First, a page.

No pain, no gain...
is an unusual round opening through a massive
rock structure high atop the Santa Catalina Mountains. This Tucson area landmark
is an alluring destination for hikers willing to endure the long, steep trek.
The hike up to the Window takes you from a parking lot on the edge of Tucson
- through Saguaro-lined canyon country - up through oak and cypress territory - and
up into forested Alpine regions. It's a terrific way to experience several
ecological zones in one, long day. The reward for your hard work is a well
deserved rest in the notch of the Window, with the wind racing through it
cooling you off. A relatively short scamper up to the rock towers just above the
Window reward you further with a panoramic view obstructed only by
and Mt. Lemon.
From the far end of the parking lot at Lowe's Ventana
Canyon Resort, head out on the Ventana Canyon Trail at the trail sign. The first
part of the trail takes you through classic canyon country amongst Saguaros and other local
varieties of cactus
. You'll trace the contours of the valley for
2.4 miles to the "Maiden Pools
"- a collection of pools that populate
the stream running through the valley following snow melts and monsoons. Don't
let the first few miles of the trip fool you, however - it gets much steeper
from here. Take your time and pace yourself throughout this trip - 4000 feet of
elevation is a lot of ground to cover, and this was the easy part.
From the Maiden Pools area, the trip becomes a
relentlessly steep 2.8 mile trek through the more open oak and cypress country
to the intersection with the Esperero Trail, 5.2 miles from the trailhead. You
will travel high into the valley with sheer rock formations on either side.
, only occasionally visible from the trail, looms above you to the
After the 5.2 miles from the beginning of the trail, the
journey intersects with the Esperero Trail at a signed junction. Already well
into the pine forest, take a right on the Esperero Trail. The Esperero Trail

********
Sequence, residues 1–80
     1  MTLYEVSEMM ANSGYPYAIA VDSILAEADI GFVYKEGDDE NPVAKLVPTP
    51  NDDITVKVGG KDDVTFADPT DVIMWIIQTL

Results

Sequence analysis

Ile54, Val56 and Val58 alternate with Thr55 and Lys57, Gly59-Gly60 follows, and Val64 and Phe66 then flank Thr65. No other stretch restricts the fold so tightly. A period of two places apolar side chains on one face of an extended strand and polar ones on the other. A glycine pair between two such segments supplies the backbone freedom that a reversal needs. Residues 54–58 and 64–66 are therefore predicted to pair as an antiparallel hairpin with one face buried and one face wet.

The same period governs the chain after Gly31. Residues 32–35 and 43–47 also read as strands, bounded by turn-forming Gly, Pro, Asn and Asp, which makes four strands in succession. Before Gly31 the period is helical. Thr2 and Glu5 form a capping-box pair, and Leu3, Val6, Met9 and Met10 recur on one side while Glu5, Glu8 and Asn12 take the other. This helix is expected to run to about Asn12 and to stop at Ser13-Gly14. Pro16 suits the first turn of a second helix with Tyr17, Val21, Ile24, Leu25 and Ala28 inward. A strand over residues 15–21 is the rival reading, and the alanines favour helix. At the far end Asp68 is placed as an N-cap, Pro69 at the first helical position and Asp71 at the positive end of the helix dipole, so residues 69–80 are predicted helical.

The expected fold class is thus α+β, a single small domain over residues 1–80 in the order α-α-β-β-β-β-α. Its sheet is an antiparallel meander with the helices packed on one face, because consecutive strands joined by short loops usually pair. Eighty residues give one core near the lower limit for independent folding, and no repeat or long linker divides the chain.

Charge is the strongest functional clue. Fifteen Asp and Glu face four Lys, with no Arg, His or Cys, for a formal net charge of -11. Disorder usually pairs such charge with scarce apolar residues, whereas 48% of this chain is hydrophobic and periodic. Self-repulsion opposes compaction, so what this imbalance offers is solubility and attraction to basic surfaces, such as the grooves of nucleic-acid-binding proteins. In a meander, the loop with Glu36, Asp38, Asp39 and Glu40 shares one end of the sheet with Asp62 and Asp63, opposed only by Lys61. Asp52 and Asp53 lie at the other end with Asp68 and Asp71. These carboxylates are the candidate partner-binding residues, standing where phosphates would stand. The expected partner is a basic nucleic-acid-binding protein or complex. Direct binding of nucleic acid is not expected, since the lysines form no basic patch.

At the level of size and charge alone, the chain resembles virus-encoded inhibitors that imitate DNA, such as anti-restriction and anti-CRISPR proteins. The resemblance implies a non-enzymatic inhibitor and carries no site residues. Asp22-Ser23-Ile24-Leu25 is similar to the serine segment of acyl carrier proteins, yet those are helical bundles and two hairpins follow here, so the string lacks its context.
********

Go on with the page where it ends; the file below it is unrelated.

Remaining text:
continues its relentless climb up the mountain for a short while until you
finally reach a saddle overlooking the north, south and west. Enjoy the
relatively level trek along the saddle, in view of the
rocks containing the
, until it marches steeply up once again to the Window.
You will not be able to see the Window itself from here,
but it is amongst the rock formations just up ahead of you and below the higher
rock formations behind it. The trail actually takes you around and directly behind the
rocks containing the Window. Climbing up the back (east) side of the rocks, the sunlight shining through the Window will mark your arrival. Climb
up into the Window, take a look around and a well deserved rest.
At the very least, you should continue up the trail
along the back side of the rocks for a few hundred feet to
the top of this cluster of rocks that house the Window. From there, you can make
the easy climb up to the top of these rocks that will give you a much more
impressive and expansive view than from the Window itself.
If you've got the time and the energy left, you can
actually arrive at the top of the
towering rock spires
you'll see just east of
the Window (it's not far - about 1/3 mile). To do so, just follow the trail that
took you to the Window up (south) and around the rocks. This part of the
Esperero trail, which actually links up with the Cathedral Rock Trail, is poorly
maintained and can be very hard to follow. But if you take care to stay on it
(i.e. if you lose it for more than 50 feet, backtrack and you'll find it again)
it will take you south, then east, then back north around the rocks to the top
of another saddle above the Window. Follow the trail until you're at the very
top of the saddle. The trail will continue east from the saddle to another peak
(Window Peak?) and eventually to Cathedral Peak. Jump off the trail at the very
top of the saddle, however, and follow the very top of the ridge straight west
towards the rocks.
There's no trail per se leading up there, but if you go
straight west along the very crest of the ridge, you can intuitively follow the
path to the top of the rocks. There's something like a trail you can follow, and
I marked the final ascent with cairns. You should arrive at the upper-most rocks
- at the point which is as far north as you can go without falling off the
mountain - at a point between two rocks with a tree between them. Climb up the
rocks with the help of the tree and you're there. You'll be able to survey the
you're now on top of, the Window below you and a sweeping view
of the Catalinas
around. Enjoy the view and rest-up for the long trip back. - May 08 2001 brianbCoronado FS Reports
Ventana is Spanish for window. The window in this case is a 15' by 25' opening in solid rock that tops one of the peaks in the Santa Catalina Front Range. The route up Ventana Canyon leads to The Window, presenting memorable views of sheer canyon walls and a steadily broadening panorama along the way. The views back of the city are spectacular. The stream that the trail follows for much of this route is dry most of the year, but you can usually find water in some of its pools during the spring and early summer. The riparian habitat it nourishes provides good birdwatching.
The trail becomes steadily more difficult to follow as it climbs farther from the trailhead and higher up the canyon. As you climb, occasional pools and widening vistas provide reasons to stop, take a breather, and look around. The Window comes into view well before you get to it, as does the 100-foot drop at its base.
Waterfalls (in season)
Access to The Window